Cave Without a Name--one of about 7 Texas caves open to the public. CWaN has been open since 1939 and despite (or even because of) the curmudgeons who tour groups through, it's worth a visit. Lots of stalactites, stalagmites, drapery, soda straws and all kinds of other fantastical formations. Crazy things happen when you add a little carbonic and sulfuric acid.
The Bandera rodeo was my next stop. I have wanted to visit the self-proclaimed Cowboy Capital of the World
for many years and it was everything I hoped it would be. Technically
in Pipe Creek, TX at Lightning Ranch, the Friday night rodeo cost me $3.
It was refreshing to be in a place where the people and bullshit are
real. It began with mutton bustin’ which is basic training
for aspiring bull riders. Manic sheep are donned with brave little 5
year-old boys and released into the arena. There were about 10 of
them--all fell off in the first second except for the last one who
stayed on for at least 6 seconds. He was about 2 feet tall and
bullet-proof, with his cowboy hat and tiny little chaps. I fell in
love. Other events included team roping, barrel racing, Peruvian horse
routines choreographed to a remake of "Footloose", junior bull riding,
sheep scrambles, a magic show involving a toy poodle and a llama and a
grand finale of Smokey the high diving mule bravely cannon-balling into a
pool of water. I was terrified, but soon comforted as Smokey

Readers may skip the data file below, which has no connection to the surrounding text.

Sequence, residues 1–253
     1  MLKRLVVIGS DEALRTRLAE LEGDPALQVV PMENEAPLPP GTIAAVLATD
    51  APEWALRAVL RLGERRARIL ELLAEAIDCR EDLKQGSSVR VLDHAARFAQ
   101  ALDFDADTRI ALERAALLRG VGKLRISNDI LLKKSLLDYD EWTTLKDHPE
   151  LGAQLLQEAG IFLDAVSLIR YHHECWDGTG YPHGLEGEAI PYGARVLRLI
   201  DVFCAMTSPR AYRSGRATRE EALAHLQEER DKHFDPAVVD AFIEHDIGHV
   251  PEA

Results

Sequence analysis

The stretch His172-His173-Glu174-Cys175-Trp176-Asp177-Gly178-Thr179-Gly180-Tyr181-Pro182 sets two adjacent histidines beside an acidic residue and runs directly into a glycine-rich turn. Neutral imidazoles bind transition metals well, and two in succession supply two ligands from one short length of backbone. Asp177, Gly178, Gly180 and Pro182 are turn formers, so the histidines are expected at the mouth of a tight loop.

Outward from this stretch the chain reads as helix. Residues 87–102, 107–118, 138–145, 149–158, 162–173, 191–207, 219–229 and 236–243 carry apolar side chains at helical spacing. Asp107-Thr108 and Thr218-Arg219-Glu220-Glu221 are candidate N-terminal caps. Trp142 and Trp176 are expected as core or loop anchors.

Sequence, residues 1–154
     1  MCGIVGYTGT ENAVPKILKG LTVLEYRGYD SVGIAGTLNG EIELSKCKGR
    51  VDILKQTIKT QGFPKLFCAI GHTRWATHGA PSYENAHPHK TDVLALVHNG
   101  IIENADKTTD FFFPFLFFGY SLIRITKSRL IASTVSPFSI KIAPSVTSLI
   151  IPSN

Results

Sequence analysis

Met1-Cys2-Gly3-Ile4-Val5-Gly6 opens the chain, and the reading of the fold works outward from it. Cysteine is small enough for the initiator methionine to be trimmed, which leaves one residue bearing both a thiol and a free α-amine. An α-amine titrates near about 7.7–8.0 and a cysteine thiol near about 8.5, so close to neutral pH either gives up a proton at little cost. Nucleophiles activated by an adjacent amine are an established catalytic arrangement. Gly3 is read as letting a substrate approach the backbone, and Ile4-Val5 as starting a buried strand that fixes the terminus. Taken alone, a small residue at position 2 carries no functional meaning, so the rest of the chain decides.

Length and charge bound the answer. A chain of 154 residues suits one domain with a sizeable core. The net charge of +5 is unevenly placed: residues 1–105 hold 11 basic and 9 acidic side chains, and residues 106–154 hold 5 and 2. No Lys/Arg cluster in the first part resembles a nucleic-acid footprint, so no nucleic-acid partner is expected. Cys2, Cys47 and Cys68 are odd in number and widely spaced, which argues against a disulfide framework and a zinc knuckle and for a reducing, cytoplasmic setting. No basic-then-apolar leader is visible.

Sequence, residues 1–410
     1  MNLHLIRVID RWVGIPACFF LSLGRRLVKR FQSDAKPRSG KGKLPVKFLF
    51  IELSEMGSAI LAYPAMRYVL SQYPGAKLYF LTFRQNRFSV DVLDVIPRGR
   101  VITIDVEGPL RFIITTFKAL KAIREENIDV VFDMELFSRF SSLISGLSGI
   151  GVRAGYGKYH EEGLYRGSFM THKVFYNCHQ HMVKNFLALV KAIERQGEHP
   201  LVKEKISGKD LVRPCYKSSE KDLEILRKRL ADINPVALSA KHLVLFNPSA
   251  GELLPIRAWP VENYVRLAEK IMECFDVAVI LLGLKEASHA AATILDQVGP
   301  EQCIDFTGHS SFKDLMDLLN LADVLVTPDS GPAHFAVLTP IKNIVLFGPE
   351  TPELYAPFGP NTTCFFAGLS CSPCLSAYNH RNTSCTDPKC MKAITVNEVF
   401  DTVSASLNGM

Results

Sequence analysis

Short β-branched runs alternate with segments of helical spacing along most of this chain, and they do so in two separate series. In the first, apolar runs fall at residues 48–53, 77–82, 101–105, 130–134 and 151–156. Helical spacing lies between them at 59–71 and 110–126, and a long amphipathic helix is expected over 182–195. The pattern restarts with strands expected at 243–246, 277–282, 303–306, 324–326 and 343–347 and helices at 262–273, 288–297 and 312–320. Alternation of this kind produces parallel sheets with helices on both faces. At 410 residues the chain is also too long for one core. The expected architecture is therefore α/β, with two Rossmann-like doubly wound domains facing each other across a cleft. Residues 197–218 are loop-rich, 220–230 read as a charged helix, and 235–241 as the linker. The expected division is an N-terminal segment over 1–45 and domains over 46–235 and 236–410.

casually trotted down the ramp, shook it off and chomped willingly on his post-dive
carrot. I was brokenhearted to find that the jersey
shore hair had, in fact, made it's way into the small town Texas teenage
girl's coiffure. But it made me reminisce
about the good old days of primping with my curling iron and Final Net
hair spray, blue eye liner, and mini skirts...and all in the name of
boys. I watched these two little blond girls attempting to lean casually
against the gate, as close to the teenage boy bull riders as possible,
but strategically looking off in the other direction at nothing in
I ventured to Garden Ridge, TX in order to see the largest congregation of mammals on the planet. There is a population of Mexican free-tailed bats (one of the 1,250 species worldwide) in Bracken Cave, which is located on land owned by Bat Conservation International. There are between 20-40 million bats here. Twenty to forty MILLION. This was a completely magical experience. I was with a group of about 20 other tourists and when the bats came out at dusk. We were so quiet you could hear a pin drop...or in this case, the beat of a bats' wings. The size of a key lime, each bat weighs as much as a dozen paper clips. The collective beating of millions of tiny wings was so soothing. I've never heard anything quite like it--almost like the sound of millions of hands rubbing together. I wanted to camp right there among the live oak, limestone and thunder...forever.
|Junior bull ridin'|
|Smokey, the high-diving mule|